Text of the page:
Friday, February 03, 2006
Debt strains
Posted by David Smith at 10:00 AM
Category: Thoughts and responses

Figures just released show the following:

There were 20,461 individual insolvencies in England and Wales in the fourth quarter of 2005 on a seasonally adjusted basis. This was an increase of 15.0% on the previous quarter and an increase of 57.1% on the same period a year ago.

There were 3,187 company liquidations in England and Wales in the fourth quarter of 2005 on a seasonally adjusted basis. This was a decrease of 5.5% on the previous quarter and an increase of 8.5% on the same period a year ago.

The number of properties taken into possession by mortgage lenders rose to 5,630 in the second half of 2005, according to figures released today by the Council of Mortgage Lenders. This was 22% higher than the 4,620 in the first half of the year, but still extremely low by historical standards - the peak half-yearly figure was 38,930 in the second half of 1991.

The total number of repossessions in 2005 was 10,260. This was 70% higher than in 2004 - although still the third lowest annual figure since 1983. The number of mortgages in arrears of 3-6 months rose to 59,700 - up 3% compared with the end of the first half of the year, and up 11% on the end of 2004.

The number of 6-12 month arrears cases rose to 32,470 - 3% higher than in the first half of the year, and 21% higher than at the end of 2004. The number of mortgages more than 12 months in arrears rose to 13,820 - 10% higher than in the first half of the year, and 23% higher than at the end of 2004.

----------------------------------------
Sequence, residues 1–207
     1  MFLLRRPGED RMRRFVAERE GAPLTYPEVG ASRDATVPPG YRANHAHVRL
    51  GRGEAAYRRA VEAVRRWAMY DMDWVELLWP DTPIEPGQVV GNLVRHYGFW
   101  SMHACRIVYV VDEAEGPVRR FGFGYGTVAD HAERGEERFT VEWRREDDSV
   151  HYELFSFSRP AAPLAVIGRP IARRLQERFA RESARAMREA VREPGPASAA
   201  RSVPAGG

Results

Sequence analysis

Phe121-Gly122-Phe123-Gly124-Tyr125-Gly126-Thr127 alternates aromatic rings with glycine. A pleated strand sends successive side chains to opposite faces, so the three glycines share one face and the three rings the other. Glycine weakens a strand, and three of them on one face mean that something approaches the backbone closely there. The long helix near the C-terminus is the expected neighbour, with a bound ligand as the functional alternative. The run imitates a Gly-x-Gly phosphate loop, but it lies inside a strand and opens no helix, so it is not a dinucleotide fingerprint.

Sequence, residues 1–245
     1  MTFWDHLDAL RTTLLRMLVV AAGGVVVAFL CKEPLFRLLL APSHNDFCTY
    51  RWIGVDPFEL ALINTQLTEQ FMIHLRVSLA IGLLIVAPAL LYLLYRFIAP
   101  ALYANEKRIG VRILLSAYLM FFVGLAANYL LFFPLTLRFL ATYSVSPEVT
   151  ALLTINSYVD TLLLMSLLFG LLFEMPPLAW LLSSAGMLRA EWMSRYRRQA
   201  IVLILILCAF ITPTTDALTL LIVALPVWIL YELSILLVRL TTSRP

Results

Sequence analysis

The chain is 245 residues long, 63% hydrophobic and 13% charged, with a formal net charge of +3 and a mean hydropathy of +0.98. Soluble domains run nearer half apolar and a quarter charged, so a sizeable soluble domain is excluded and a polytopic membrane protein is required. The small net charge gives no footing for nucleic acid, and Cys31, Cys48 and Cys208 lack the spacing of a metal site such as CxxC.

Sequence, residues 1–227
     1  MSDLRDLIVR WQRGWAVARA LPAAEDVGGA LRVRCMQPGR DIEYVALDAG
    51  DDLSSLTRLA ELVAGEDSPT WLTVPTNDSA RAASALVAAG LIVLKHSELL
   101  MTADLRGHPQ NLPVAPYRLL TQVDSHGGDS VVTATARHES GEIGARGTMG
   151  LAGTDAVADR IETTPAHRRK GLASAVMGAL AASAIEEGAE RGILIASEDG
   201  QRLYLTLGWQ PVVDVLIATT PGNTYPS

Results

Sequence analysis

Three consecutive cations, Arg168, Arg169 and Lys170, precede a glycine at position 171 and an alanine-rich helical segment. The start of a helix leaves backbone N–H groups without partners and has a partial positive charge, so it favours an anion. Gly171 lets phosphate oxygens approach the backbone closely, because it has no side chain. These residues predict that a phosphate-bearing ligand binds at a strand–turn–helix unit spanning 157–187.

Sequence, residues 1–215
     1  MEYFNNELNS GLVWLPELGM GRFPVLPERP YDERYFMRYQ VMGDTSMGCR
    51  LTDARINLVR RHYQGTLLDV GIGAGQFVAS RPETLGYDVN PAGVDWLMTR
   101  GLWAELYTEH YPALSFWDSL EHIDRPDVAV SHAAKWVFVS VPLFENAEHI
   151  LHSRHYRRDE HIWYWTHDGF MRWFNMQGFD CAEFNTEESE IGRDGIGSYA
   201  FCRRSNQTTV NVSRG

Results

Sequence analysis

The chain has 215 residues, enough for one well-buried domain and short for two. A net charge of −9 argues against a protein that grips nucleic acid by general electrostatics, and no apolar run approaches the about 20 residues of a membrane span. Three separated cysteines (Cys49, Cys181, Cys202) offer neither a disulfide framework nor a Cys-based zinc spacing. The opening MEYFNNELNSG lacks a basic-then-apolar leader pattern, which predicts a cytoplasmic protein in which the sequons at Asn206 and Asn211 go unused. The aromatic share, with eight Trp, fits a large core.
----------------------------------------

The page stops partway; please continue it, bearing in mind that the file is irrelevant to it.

Debt is biting, though from a low base. When should we start to worry?

Comments

"debt is biting, though from a low base"

I don't think that this is what you meant. Debt is high, not low,, although the problems caused by it (bankrupcy, mortgage arrears, etc.) are rising from a low base.

However, I suspect that the rise in problems servicing debt are not the big issue. Historically low interest rates have allowed people to increase the amount of debt they have taken on, as servicing costs are lower - and the resulting spending has provded a huge boost to the economy. But this is no free lunch - interest rates are low because inflation is low and this means that the value of the debt is more slowly eroded than in the past, so people are stuck with debts for longer. Because people are stuck with the value of the debt for longer, this means that there is less scope for increasing borrowing again, so spending will be constrained for a long time. This will act as a drag on the economy.

The government has not banished the 'boom-bust cycle' as it would have us believe. The cycle has just been flattened and extended in time.

Posted by: HJ at February 3, 2006 05:50 PM

Yes, precisely, excuse the short-cut in my use of language. Debt problems - repossessions, arrears, etc - are rising but from a low base. I agree with the point about a prolonged drag on spending.

Posted by: David Smith at February 4, 2006 10:32 AM
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